Reissue with the latest remastering. Features original cover artwork. Comes with a descripton in Japanese. A stunning setting for this wonderful tenorist – a record that has the great George Coleman blowing with only the piano of Tete Montoliu for accompaniment – with really wonderful results! George has all that full, deep tone we know from his bigger group recordings – and it really seems to set the record on fire from the start, and bring out these bold rhythmic lines from Montoliu, who plays with a blocky sense of power that reminds us of his sublime late 60s album for MPS!
Reissue with the latest remastering. Features original cover artwork. Comes with a descripton in Japanese. A late 70s set from tenor maestro George Coleman – who was never recorded often enough! The set has a really timeless quality, quite uncommon for pieces recorded at the tailend of the fusion mad late 70s, and at the cusp of the ultra polished 80s sound. The support players couldn't be tighter – with Billy Higgins on drums, Sam Jones on bass and Hilton Ruiz on piano. The tunes are firmly led by Coleman – who rolls out those great loping lines, that circular sound we wouldn't trade for an other tenor the of period! Includes the title track, "New Arrival", "Lo-Joe", "Autumn In New York", "Apache Dance" and "Blondie's Waltz".
Danger High Voltage is significant in two respects: It is the first release from the Two and Four Recording Company, and it marks the reformation of the George Coleman Octet, which hadn't recorded since its debut in 1977. The horn section consists of Coleman and special guest Ned Otter on tenor saxes, Jim Rotondi on trumpet, Adam Brenner on alto, and Gary Smulyan on baritone.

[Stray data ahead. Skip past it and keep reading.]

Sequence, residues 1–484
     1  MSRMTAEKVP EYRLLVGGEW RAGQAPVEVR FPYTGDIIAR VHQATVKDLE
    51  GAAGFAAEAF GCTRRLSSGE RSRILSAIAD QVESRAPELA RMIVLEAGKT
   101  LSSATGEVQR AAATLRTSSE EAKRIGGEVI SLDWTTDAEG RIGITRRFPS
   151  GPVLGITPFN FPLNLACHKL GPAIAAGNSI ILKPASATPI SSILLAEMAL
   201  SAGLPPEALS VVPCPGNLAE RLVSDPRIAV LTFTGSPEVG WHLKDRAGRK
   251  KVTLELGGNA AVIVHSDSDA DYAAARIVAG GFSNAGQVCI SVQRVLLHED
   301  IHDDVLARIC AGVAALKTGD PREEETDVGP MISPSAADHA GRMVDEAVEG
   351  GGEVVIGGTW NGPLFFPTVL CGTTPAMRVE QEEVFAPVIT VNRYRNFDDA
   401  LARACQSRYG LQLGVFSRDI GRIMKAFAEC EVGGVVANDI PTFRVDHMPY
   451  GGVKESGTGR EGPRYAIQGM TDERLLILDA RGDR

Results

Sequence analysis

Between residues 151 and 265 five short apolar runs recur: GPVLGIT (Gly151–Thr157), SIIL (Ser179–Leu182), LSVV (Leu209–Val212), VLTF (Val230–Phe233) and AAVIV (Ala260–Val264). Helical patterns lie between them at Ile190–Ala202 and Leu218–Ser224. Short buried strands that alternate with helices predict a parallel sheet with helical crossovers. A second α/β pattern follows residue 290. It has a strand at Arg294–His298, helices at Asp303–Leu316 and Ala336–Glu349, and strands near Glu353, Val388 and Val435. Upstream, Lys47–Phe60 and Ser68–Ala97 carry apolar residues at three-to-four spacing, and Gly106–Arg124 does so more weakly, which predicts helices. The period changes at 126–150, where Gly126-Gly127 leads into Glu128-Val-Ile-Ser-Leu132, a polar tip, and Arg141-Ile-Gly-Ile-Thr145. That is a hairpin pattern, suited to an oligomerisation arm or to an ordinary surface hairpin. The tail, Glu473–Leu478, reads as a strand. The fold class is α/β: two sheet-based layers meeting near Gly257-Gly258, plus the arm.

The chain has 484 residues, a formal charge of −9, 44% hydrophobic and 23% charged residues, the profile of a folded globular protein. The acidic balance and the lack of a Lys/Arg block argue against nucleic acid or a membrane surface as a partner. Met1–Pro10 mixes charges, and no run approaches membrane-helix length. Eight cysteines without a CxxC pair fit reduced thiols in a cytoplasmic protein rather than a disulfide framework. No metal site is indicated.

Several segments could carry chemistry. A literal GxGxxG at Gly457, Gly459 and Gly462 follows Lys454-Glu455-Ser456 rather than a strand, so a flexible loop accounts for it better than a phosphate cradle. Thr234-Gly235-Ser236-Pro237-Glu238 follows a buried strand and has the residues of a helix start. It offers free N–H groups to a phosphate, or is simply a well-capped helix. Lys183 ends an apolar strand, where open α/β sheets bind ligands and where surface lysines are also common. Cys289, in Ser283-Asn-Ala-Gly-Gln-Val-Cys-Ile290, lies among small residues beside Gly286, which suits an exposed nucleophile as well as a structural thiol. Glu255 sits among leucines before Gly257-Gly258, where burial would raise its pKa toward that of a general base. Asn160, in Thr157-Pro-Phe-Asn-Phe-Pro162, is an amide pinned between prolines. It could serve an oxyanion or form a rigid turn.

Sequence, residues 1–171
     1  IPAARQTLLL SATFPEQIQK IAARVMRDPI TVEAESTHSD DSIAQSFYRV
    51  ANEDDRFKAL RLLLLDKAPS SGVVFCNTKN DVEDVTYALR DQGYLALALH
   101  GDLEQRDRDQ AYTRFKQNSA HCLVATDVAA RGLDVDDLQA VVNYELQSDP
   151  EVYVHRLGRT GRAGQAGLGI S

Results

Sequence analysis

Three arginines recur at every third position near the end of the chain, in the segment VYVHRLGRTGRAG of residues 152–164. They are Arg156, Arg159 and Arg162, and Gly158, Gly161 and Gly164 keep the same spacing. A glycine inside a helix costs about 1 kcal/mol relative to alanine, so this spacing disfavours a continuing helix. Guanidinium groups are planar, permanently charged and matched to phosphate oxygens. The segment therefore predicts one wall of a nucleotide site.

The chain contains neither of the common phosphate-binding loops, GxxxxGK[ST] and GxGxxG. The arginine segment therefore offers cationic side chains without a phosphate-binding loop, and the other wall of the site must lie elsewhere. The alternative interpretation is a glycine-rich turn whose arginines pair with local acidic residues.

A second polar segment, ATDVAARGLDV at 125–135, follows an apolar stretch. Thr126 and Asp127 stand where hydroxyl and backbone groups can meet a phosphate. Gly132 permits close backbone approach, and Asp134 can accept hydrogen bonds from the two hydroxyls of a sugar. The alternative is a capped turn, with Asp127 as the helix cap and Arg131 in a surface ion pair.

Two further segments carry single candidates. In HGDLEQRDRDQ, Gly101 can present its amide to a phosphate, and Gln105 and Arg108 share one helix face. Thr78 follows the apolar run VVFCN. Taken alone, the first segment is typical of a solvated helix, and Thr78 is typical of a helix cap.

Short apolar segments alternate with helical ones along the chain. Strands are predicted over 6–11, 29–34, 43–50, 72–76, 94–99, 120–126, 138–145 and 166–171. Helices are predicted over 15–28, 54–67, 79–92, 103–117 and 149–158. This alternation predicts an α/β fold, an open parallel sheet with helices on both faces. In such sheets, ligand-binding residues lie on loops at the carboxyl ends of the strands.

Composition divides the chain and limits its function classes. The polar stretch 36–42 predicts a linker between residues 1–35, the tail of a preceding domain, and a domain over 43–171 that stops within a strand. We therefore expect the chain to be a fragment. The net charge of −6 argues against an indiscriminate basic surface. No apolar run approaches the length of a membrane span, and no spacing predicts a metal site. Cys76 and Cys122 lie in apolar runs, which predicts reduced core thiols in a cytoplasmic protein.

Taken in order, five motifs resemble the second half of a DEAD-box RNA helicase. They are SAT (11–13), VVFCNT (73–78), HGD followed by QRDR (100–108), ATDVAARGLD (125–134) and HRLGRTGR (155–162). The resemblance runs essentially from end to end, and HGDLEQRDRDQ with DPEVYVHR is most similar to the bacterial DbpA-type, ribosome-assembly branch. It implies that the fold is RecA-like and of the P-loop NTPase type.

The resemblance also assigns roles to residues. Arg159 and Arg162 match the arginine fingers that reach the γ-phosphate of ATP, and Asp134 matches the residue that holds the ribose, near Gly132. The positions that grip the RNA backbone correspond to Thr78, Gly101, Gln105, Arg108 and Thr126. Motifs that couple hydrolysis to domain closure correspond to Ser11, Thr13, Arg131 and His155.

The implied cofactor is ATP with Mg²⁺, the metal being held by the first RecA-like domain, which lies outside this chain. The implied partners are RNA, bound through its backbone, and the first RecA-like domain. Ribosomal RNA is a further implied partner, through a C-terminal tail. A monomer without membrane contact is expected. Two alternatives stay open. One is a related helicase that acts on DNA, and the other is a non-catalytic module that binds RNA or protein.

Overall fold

Reissue with the latest remastering and the original cover artwork. Comes with a description written in Japanese. George Adams and Don Pullen knock it out of the park on this one – finding great company in each other's presence, and really moving things forward in the process! The set begins with a long track titled "Mingus Metamorphosis", and that really sums up the spirit of the record – an 80s reworking of all the ideas that the players had learned from Mingus, but with an individual, personal sense that's all their own – and very different than some of the more standard modes of the Mingus Dynasty group that continued the legacy in a more direct manner. Adams is bold one minute, lyrical the next – and plays both tenor and flute – alongside Pullen on piano, Cameron Brown on bass, and Dannie Richmond on drums.
Reissue with the latest remastering and the original cover artwork. Comes with a description written in Japanese. A firey session from the quartet of George Adams and Don Pullen – a set that has the group stretching out in some of their most spiritual modes, yet still finding plenty of time to swing as well! Adams is tremendous on tenor – a very fresh voice in the post-Coltrane world, with phrasing that is all his own – even more amplified when he switches to flute – and Pullen's got this ability to go outside, and show his knowledge of the darker corners of the keyboard – yet never let that side of his playing overwhelm things, possibly because the rhythmic accompaniment from Cameron Brown on bass and Dannie Richmond on drums is so strong. Tracks are all long, and very individual – with the group in high spirits on the titles "Earth Beams", "Magnetic Love Field", "Saturday Nite In The Cosmos", "More Flowers", and "Dionysus".
During a three-day period in 1965, trumpeter Chet Baker (who during the era was exclusively playing flugelhorn) recorded five albums for Prestige that were soon forgotten, despite their quality. In 1997, the entire program was reissued on three CDs (which also include Lonely Star and On a Misty Night), showing that Baker was in excellent form at the time. Chet is teamed with tenor saxophonist George Coleman, pianist Kirk Lightsey (in top form), bassist Herman Wright and drummer Roy Brooks; the one-time gathering group on the whole sometimes recalls the Miles Davis Quintet of 1956.